Saturday, January 29, 2005

Only in Iceland?

I pose the question with respect to the much predicted "hydrogen economy." In Iceland it may become a reality because the country has abundant, cheap geothermal power. You can practically drill a hole anywhere on the island and get geothermal energy. That means the the power needed to make hydrogen from water is nonpolluting and inexpensive. The combination will be hard to come by in most places on earth. And, even if Iceland could produce hydrogen for export, it would be difficult and costly to get across the ocean.

The main problem with hydrogen is that it is an energy carrier not an energy source. It currently takes much more energy to get hydrogen out of water, by electrolysis, for example, than the hydrogen yields. That means burning coal or natural gas to create electricity to extract hydrogen from water would be huge energy loser. It would be much better, for example, just to burn the natural gas in vehicles directly.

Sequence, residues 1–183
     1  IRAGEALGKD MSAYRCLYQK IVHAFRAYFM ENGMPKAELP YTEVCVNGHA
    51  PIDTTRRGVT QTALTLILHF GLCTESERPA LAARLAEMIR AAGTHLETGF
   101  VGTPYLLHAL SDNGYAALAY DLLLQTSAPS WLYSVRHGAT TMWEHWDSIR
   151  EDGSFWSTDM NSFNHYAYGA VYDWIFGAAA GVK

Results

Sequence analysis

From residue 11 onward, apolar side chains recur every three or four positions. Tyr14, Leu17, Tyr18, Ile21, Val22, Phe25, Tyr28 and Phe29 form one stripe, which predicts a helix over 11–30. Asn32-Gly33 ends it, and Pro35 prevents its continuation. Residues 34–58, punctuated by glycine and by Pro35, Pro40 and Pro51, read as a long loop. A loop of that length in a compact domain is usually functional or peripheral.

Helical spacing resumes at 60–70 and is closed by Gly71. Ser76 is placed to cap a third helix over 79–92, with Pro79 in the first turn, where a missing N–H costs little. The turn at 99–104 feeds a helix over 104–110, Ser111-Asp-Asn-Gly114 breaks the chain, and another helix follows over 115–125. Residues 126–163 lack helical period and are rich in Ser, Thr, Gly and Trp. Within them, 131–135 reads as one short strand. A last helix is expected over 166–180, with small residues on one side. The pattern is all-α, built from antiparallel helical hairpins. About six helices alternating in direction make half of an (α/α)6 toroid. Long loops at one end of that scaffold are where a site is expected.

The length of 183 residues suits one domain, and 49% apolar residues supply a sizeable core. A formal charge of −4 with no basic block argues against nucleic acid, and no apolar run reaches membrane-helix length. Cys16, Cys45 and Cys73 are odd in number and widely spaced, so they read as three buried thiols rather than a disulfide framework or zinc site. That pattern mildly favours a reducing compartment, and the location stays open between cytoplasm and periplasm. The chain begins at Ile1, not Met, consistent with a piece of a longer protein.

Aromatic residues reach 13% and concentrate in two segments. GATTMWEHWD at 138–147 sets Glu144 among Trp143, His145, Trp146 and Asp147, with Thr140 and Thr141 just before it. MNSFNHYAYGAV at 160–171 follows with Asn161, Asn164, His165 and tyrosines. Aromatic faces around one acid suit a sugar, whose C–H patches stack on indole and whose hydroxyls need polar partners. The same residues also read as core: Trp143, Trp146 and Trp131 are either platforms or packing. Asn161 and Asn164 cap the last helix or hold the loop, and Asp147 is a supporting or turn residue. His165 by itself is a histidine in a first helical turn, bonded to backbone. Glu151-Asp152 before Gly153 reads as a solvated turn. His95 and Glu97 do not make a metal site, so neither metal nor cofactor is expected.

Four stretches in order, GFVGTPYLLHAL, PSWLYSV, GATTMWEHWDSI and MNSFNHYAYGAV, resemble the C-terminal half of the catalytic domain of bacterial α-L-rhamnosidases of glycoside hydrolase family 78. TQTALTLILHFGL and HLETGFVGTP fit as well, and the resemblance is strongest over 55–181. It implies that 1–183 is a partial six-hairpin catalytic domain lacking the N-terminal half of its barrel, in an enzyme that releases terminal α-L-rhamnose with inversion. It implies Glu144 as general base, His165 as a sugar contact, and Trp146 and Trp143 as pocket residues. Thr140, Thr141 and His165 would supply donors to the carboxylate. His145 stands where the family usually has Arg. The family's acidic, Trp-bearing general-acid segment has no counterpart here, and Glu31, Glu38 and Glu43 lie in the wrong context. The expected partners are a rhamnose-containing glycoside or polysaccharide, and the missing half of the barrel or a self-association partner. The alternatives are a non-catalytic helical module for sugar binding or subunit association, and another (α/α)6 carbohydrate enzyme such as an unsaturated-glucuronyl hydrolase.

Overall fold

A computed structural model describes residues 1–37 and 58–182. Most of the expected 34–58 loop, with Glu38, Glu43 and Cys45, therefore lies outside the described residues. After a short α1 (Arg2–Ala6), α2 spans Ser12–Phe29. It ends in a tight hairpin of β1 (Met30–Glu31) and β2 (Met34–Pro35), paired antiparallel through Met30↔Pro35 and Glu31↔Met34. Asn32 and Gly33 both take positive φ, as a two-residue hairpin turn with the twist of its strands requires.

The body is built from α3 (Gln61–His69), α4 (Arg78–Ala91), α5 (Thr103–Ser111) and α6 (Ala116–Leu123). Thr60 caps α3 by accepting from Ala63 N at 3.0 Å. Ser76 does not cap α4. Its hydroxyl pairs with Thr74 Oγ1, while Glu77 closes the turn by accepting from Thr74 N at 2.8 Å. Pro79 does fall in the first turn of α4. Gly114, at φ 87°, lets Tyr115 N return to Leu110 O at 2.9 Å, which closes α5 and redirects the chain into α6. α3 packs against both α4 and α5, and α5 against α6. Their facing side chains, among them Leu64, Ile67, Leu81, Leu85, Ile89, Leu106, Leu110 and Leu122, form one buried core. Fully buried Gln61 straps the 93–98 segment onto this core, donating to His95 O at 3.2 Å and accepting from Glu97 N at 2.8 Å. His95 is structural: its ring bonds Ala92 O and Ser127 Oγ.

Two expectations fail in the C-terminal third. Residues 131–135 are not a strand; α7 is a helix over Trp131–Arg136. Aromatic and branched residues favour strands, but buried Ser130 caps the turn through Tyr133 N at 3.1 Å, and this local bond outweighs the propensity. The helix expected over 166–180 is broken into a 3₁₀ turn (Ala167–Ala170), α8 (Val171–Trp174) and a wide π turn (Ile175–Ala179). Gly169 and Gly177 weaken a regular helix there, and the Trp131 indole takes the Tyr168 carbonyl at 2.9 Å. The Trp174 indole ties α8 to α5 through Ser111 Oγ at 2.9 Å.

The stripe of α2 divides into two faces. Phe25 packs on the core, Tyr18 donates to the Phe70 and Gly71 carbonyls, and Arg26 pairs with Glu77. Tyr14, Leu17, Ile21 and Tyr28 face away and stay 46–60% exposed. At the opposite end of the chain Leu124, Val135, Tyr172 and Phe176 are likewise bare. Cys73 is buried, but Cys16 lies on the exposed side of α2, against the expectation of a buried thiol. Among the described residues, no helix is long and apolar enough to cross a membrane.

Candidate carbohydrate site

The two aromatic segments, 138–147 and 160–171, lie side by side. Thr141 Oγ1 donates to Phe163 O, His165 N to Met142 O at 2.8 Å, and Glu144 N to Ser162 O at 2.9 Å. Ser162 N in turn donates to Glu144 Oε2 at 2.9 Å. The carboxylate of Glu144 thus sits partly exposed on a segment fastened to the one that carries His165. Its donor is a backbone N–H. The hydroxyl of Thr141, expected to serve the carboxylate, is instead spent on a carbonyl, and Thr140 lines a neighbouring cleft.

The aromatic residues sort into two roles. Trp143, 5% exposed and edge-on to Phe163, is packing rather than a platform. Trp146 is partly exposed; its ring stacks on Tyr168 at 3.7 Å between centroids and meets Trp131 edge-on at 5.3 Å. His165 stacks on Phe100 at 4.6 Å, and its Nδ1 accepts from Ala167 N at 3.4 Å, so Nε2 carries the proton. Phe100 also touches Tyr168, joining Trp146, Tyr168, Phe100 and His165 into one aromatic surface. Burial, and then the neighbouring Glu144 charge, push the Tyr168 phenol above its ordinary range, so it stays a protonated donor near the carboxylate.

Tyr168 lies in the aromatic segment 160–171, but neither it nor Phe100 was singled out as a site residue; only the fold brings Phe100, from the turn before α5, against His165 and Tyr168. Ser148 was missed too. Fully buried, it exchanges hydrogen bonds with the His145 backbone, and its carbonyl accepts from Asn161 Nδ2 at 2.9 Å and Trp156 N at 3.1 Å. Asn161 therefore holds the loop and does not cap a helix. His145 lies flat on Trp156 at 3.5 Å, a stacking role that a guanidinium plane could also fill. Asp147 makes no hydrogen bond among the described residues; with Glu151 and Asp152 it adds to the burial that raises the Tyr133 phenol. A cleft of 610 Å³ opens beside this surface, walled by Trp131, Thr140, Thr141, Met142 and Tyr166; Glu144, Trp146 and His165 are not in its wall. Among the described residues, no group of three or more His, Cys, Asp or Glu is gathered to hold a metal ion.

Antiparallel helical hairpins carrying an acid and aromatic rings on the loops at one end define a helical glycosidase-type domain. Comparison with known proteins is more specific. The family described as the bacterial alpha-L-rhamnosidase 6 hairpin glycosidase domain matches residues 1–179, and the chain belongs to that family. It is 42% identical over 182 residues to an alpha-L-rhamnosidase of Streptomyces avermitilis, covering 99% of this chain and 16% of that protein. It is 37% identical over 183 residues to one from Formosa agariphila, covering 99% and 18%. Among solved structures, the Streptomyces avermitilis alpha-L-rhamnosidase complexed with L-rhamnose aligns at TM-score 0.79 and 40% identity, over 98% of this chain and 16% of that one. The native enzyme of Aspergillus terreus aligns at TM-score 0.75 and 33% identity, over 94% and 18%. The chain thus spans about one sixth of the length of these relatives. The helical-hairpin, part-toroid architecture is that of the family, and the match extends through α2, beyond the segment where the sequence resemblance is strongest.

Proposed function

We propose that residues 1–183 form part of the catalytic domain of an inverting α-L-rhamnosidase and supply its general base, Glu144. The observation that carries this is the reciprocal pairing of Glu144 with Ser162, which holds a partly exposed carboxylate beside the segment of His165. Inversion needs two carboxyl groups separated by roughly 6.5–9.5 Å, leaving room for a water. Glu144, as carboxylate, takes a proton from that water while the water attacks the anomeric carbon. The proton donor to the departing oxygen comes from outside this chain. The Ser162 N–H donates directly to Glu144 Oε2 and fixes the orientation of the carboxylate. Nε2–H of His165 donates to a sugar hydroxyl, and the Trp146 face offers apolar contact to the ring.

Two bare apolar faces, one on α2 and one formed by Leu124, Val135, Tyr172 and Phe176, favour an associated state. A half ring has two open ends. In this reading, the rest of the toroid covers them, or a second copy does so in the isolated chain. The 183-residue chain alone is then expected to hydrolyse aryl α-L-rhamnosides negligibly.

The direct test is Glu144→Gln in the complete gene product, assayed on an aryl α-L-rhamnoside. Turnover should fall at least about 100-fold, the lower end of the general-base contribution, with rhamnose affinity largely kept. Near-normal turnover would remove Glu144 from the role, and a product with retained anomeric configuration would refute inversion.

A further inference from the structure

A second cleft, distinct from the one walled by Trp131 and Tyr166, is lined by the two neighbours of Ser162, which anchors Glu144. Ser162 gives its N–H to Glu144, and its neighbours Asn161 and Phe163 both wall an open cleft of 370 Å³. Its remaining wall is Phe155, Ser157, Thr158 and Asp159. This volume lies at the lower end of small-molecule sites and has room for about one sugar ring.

Naturally, if someone figures out how to get more energy out of hydrogen than it takes to extract it, the problem will be solved. Or if someone invents or discovers an incredibly cheap, nonpolluting energy source that it is possible to use in most places on earth, hydrogen could become a success. Windmills might work in some locales. Solar might work in others. But, the efficiencies are not yet there, and the scale of the new energy infrastructure would require astronomically huge investments using existing energy sources such as oil, coal and gas. If we're going to do it, we better start now.

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